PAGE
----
Weight-loss Myths | MyGym Small Group Training


Jul 19, 2014 Diet, Nutrition , , 0 Comments

So today’s lesson is: Mac’s guide to spotting weight-loss bollocks.

Here are my three weight-loss truths – if some one tells you something that seems to counteract this stuff they are either lying or selling you something.

Calories in / Calories out

This is both the simplest and most complex one of all three points. What it means is if your total calorie consumption is less than your total calorie expenditure then you will lose weight. If your consumption is more than your expenditure you will gain weight. Every single person who has ever lost weight, other than by amputating something, has burned more calories than they consumed. Sounds simple right?

It isn’t. There are so many factors that go into deciding the calories out part of that equation that it makes calculating it accurately impossible. The thermogenic effect of food, base metabolic rate, E.P.O.C, skeleto-muscular nitrogen uptake post exercise, the list is long and mostly sounds like gibberish but what it means is we can’t calculate how many calories you are burning at rest, when you are in motion or post exercise. Our best guesses are just that – guesses. Hell, we can’t even be sure that the calories in part is accurate, one person’s digestive system may be better suited to some foods and strip more nutrients and calories from certain types of food than others. I have never seen any reputable studies done proving this but I would be surprised if it wasn’t the case.

So the calories in, calories out thing is never going to be the whole truth, and “Hey fatty; eat less” is neither constructive nor a viable diet plan. It is not exact but it is still a very useful guide. We may be out by a few points here and there but fundamentally calories in, calories out will decide your weight loss/muscle gain success. The problem for fitness businesses is that it is really hard to sell someone less of something. There’s not a lot of profit margin in convincing someone not to buy stuff. So health companies will try and convince you to buy this product, eat this amazing food or drink this tea all promising the pounds will just melt away. In almost every case it is bollocks, you can’t reduce the calories in number by eating more.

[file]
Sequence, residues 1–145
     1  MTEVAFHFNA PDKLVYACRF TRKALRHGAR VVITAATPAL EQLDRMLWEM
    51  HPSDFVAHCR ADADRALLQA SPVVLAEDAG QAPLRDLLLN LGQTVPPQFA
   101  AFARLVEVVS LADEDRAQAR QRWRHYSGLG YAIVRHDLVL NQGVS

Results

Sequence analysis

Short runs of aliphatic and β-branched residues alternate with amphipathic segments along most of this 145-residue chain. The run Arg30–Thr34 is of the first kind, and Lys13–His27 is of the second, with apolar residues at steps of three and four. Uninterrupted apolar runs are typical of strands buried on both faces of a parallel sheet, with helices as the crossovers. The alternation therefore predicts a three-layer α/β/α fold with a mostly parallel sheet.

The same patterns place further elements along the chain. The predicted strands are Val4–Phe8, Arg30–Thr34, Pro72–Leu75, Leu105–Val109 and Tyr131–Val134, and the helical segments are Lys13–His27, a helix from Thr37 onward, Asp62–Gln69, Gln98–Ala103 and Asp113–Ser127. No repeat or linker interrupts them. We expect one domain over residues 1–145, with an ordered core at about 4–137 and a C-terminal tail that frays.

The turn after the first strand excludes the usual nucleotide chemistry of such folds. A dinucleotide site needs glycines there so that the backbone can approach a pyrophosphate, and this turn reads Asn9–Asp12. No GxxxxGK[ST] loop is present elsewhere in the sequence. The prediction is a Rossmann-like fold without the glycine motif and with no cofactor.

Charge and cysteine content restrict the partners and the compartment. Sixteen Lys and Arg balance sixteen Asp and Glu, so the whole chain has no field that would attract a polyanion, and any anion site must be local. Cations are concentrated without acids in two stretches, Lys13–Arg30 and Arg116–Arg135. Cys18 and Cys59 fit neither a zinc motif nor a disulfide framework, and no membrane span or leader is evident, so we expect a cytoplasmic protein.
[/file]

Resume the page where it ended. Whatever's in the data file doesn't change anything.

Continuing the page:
You can’t spot reduce

Doing sit-ups will not make your waist smaller. Doing sit-ups will not make your waist smaller. Doing sit-ups will not make your waist smaller. Really.

You burn fat by transporting it from your fat cells to your blood, which carries it to the liver to be processed into sugar, which is then pumped back into the bloodstream and finally into the muscles that are working. It doesn’t matter which muscles are working or where the fat is coming from, it all has to run via the liver so your body doesn’t care that your doing push-ups or burpees or sit-ups or crunches. Remember that calories in, calories out thing above? Burn more than you consume is the key here, not doing sit-ups till you are ill. Besides, if you could spot reduce my face would be a lot slimmer form all the eating and talking that I do.

There are no magic movements

Every few years some new fandangled machine or exercise program comes out that promises to revolutionise the way people get fit. Sometimes it is a good idea from the past repackaged for a new age, like Body Pump or Zumba. Sometimes it is a bad idea from the past repackaged for a new age, like those shake weights that make the models look like failed porn stars with palsy. (Google it, it is hysterical.) What they all have in common is a claim to some new and incredibly powerful secret technique that you too can own for only 5 easy payments of $49.95. Less ridiculous but still fundamentally wrong is the “you can’t lose weight swimming” or running or walking or skipping or whatever. Its crap because they are, again, trying to sell you something, be it an ab cruncher to gather dust under the bed or a membership to a large mirror filled room with hulking lumps of metal and wankers in lycra. They are trying to collate fitness with a product so that purchasing said product becomes a viable means of getting fit. This sort of thing really gets me because it makes fitness about buying something rather than doing something.

The most important thing is NOT the reps, it is NOT the weights that you do, it is NOT the machine or the movement or how fast your heart is beating. The most important thing is how hard you are working, and that is the whole truth.

See you in the gym, Mac


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